With every batch of releases issued this BBC Legends series seems to
me to become increasingly valuable. A particular strength is
the regularity with which the label issues performances by great
artists of works that were important in their repertoire but
which they never recorded commercially. They have already given
us several very welcome releases that expand the discography
of Klaus Tennstedt and this latest release carries on that good
Tennstedt made a commercial recording of only one of the four works
included here, the Egmont
Overture. By a sad irony the Oberon
Overture was the last work that he ever conducted in public,
in July 1994.
The most substantial work is the Beethoven Fifth. This performance is robust and strongly projected.
It’s a muscular, big-band performance, very suitable for the
big spaces of the Royal Albert Hall. In saying that, however,
I mustn’t give the impression that subtlety is absent from the
reading, for that is not the case. The first movement is very
powerfully argued, the music underpinned, as is the case throughout
the symphony, by a very firm and imposing bass line. The approach
is weighty but the rhythms have life. Tennstedt drives the symphonic
argument forward with great purpose and drama. This is a performance
with fire in its belly.
The slow movement is quite expansive but still the tempo flows nicely.
However, the martial climax (track 3, 6’09”) is perhaps a bit
too broad. In the third movement Tennstedt doesn’t quite achieve
(perhaps he doesn’t aim for) the tension that some other conductors
attain in the sepulchral passages for low strings and bassoons.
On the other hand the horn fanfares ring out quite splendidly.
The three big chords that open the finale (track 5, 0’00” and
again at 4’28”) are very broad and rhetorical. Personally I
find this a rather grandiose effect but I think it can be forgiven
in the context of the occasion. The remainder of the movement
is full of heroic energy and brio. Everything culminates in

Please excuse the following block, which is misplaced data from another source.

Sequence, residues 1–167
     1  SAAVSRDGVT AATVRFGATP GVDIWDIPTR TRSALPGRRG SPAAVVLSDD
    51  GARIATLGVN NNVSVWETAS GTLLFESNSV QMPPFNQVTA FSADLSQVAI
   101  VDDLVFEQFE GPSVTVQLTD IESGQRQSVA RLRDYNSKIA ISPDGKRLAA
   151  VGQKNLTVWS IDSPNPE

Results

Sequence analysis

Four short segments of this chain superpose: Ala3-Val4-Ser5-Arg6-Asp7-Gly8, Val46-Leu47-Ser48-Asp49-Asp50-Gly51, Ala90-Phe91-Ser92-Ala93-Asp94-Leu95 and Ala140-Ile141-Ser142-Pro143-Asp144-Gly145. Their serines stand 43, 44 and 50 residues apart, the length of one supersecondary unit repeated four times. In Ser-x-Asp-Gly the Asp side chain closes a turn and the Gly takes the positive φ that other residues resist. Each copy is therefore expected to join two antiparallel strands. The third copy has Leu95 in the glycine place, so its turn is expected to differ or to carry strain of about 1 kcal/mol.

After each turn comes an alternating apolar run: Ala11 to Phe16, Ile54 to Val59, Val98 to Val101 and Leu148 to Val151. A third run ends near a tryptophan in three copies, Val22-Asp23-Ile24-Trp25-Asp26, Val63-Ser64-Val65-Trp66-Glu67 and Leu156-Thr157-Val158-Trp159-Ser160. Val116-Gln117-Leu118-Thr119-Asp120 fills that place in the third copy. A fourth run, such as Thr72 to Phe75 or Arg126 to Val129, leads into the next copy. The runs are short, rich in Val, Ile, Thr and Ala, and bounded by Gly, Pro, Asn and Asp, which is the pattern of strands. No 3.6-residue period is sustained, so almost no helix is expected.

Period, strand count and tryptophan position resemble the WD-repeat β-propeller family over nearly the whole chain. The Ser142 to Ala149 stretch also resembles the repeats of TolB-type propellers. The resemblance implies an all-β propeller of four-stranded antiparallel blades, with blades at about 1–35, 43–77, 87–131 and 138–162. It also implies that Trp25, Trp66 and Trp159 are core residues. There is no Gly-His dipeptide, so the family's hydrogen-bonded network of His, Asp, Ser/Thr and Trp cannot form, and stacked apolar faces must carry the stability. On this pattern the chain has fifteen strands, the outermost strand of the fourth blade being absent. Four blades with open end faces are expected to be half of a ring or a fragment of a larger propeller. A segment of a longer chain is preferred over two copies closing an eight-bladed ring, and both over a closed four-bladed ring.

an electrifying, jubilant coda that, not surprisingly, brings
the house down.
This, then, is a bold, red-blooded Fifth. It wouldn’t be a first recommendation
but it’s a welcome reminder of a great and wholehearted conductor
at his dynamic best and is very well worth hearing.
The First Symphony starts
with a lithe account of the main allegro. Again there’s abundant
energy on display. The second movement is given a well-paced,
admirably straightforward reading while the scherzo is lively
even though the pace is not frenetic. I must say, however, that
I’ve heard more explosive accounts of this movement. Perhaps
the finale doesn’t quite scamper like some readings that one
has heard but it’s still well done. Overall this is a good,
enjoyable performance, albeit not as distinctive as that of
Egmont suits Tennstedt down to the
ground. The introduction is trenchant and tough-minded. The
main allegro is just a shade more deliberately paced than we
often hear. However, as with the Fifth Symphony, Tennstedt
imparts suitable weight and brings out the drama keenly as a
result. I don’t know whether it’s a quirk of the microphone
placing or a deliberate effect but the first flute keeps cutting
through the texture, which I like. The coda (track 6, 7’38”)
blazes. It’s fast, fiery and exalted and is all the more exciting
after the slightly deliberate pacing of the preceding music.
This is a fine performance of one of Beethoven’s best overtures.
As is the case throughout the works on this CD the LPO’s response
for their chief is never less than fully committed.
The overture to Oberon reminds us of Tennstedt’s operatic experience earlier in his career.
The introduction is atmospheric (though ensemble is occasionally
a little less than 100%). Some may find the tempo for big clarinet
tune (track 1, 4’24”) is just too indulgently broad – but, then,
it is such a good tune! The whole performance exudes conviction,
but then that was true of everything that Tennstedt conducted.
This is a very fine and enjoyable disc. The performances are all of
very high quality and are captured in good, reliable BBC stereo
sound. David Patmore contributes a useful note. Above all the
disc is to be valued for giving us four more examples of the
integrity and commitment of a great conductor whose international
career was all-too brief. Admirers of Klaus Tennstedt, among
whom I unashamedly count myself, need not hesitate. This is
the second excellent disc of his performances that BBC Legends
have issued this year. I hope there will be lots more.